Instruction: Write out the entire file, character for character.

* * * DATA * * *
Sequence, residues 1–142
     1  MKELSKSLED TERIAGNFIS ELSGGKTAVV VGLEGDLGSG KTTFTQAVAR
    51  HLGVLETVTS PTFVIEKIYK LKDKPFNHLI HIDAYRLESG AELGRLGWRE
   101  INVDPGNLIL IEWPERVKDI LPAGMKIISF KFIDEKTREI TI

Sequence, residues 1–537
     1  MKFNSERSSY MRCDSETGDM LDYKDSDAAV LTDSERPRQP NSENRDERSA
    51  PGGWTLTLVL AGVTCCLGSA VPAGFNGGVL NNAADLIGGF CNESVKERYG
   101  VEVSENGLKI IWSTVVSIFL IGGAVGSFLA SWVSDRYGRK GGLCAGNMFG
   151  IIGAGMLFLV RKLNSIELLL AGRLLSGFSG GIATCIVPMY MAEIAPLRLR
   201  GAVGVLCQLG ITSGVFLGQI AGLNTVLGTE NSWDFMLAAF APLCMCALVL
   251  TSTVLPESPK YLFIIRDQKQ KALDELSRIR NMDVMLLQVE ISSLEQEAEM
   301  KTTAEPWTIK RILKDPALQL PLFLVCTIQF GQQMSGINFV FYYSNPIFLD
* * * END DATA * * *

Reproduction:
Sequence, residues 1–142
     1  MKELSKSLED TERIAGNFIS ELSGGKTAVV VGLEGDLGSG KTTFTQAVAR
    51  HLGVLETVTS PTFVIEKIYK LKDKPFNHLI HIDAYRLESG AELGRLGWRE
   101  INVDPGNLIL IEWPERVKDI LPAGMKIISF KFIDEKTREI TI

Sequence, residues 1–537
     1  MKFNSERSSY MRCDSETGDM LDYKDSDAAV LTDSERPRQP NSENRDERSA
    51  PGGWTLTLVL AGVTCCLGSA VPAGFNGGVL NNAADLIGGF CNESVKERYG
   101  VEVSENGLKI IWSTVVSIFL IGGAVGSFLA SWVSDRYGRK GGLCAGNMFG
   151  IIGAGMLFLV RKLNSIELLL AGRLLSGFSG GIATCIVPMY MAEIAPLRLR
   201  GAVGVLCQLG ITSGVFLGQI AGLNTVLGTE NSWDFMLAAF APLCMCALVL
   251  TSTVLPESPK YLFIIRDQKQ KALDELSRIR NMDVMLLQVE ISSLEQEAEM
   301  KTTAEPWTIK RILKDPALQL PLFLVCTIQF GQQMSGINFV FYYSNPIFLD